And as you know, they had triumphant victories for the first days, and then General MacArthur, in charge of the United Nations Force, landed in the most brilliant amphibious landing at Incheon, where the international airport is now in Seoul, and came behind the North Korean forces and rendered them helpless as they fled north to get out of the trap. And then chased them up to the border and when MacArthur wouldn’t take the command to President Truman, two terrible things happened.
First, the Chinese volunteers entered the peninsula, rushing down to rid the nation of the Americans, and MacArthur was dismissed because of his failure to comply with the orders of the President. So, you’ve got to understand the burden of the Korean War to understand where the North Koreans are coming from today in the here and now. They look back on that time as a time of conquest of their people and of terrible suffering, and they build animosity against the United States. Here you’ll see a Korean baby being trampled on by on the one hand an American scientist, and on the other hand an American priest.
And this is the propaganda that is fed to the people of North Korea consistently all their lives, and they don't have access to international media, and they don't have access to the Internet, and they do have access constantly to their country’s story as told by the broadcasters in charge of information. So hatred is the shield against the terrible things that happen in North Korea. We had a mandate with a series of ten points in the mandate, and they required us to look at and report on ten aspects of the conduct of the regime.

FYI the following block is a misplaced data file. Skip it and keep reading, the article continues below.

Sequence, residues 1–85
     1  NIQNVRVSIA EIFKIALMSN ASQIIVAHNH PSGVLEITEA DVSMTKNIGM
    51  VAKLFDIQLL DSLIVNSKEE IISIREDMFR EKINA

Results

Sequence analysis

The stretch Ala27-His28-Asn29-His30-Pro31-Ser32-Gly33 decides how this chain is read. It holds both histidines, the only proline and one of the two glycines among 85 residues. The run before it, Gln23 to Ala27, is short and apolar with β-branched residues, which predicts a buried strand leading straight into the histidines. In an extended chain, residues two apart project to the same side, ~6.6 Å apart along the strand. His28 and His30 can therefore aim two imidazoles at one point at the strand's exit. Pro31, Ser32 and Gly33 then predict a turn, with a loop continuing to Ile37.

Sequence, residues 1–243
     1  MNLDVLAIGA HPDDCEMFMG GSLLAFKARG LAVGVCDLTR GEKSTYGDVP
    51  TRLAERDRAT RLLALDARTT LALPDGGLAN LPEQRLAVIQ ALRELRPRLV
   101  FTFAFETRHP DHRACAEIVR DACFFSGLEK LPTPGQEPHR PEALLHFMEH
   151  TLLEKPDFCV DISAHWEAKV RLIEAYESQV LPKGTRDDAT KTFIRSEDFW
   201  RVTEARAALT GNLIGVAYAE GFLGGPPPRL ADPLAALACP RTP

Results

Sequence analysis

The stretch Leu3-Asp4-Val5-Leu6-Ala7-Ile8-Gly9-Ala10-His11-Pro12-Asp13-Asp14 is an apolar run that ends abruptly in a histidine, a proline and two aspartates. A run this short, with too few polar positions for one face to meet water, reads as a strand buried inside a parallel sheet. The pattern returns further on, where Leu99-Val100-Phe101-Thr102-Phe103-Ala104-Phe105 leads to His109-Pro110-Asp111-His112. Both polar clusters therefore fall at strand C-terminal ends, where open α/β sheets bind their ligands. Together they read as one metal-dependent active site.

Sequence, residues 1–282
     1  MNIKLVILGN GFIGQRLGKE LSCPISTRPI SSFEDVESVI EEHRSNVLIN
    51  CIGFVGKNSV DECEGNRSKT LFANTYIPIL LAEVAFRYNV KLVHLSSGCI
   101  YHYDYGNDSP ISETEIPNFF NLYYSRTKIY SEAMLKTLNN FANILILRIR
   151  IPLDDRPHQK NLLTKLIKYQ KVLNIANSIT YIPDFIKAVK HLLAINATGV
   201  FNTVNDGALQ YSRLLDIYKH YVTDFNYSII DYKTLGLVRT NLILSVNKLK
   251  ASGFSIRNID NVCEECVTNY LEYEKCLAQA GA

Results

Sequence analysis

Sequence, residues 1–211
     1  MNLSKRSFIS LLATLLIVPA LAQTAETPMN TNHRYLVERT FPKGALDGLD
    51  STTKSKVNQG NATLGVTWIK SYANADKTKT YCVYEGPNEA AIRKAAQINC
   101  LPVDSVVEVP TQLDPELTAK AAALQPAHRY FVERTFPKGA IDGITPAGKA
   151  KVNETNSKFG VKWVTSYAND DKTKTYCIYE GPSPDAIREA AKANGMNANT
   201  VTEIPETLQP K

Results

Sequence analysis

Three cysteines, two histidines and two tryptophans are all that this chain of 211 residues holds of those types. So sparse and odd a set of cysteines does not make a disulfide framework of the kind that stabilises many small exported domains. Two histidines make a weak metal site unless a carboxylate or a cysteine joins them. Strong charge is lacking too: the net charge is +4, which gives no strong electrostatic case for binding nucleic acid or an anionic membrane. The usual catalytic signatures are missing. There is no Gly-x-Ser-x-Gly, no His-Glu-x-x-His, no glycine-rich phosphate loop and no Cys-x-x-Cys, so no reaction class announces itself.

- The control of the minds of the people
- The self-reliance on the songbun system - the classification of everybody into classes from which it was virtually impossible to escape
- The food shortages which in the famine of the mid-1990’s were dreadful with bodies piled up at railway stations to be removed overnight
- The suppression of any religious beliefs
- The inability to move about the country without permission of officials and the virtual impossibility of moving legally overseas
- The abduction of many abductees from foreign countries; large numbers from Japan
- And the destruction of political enemies by public executions and particularly enemies within the family like Jang Song-thaek, the uncle of the Supreme Leader, or Kim Jong-nam, the half-brother of the Supreme Leader murdered at the Kuala Lumpur airport.
The new Supreme Leader is the son of Kim Jong...Kim Jong..is the grandson of Kim Il-sung and the son of Kim Jong-il. And here he is a man of the moment in North Korea who is on everybody’s lips and is the centre of all attention. When the report of the Commission of Enquiry was delivered, it created a sensation in Geneva because of the fact that it revealed in, a very powerful way, as we do naturally through the voices of the people who had suffered. We didn’t give a...a warmed up version of it.
These were the actual voices of the people who had suffered. And those voices spoke to power, and they were the more powerful because they had an authenticity. At this stage, the United Nations Human Rights Council voted with a huge majority to support the findings of the Commission of Inquiry and send the matter off to the General Assembly of the United Nations, with a view to the General Assembly in turn sending it to the Security Council, something that very rarely is done.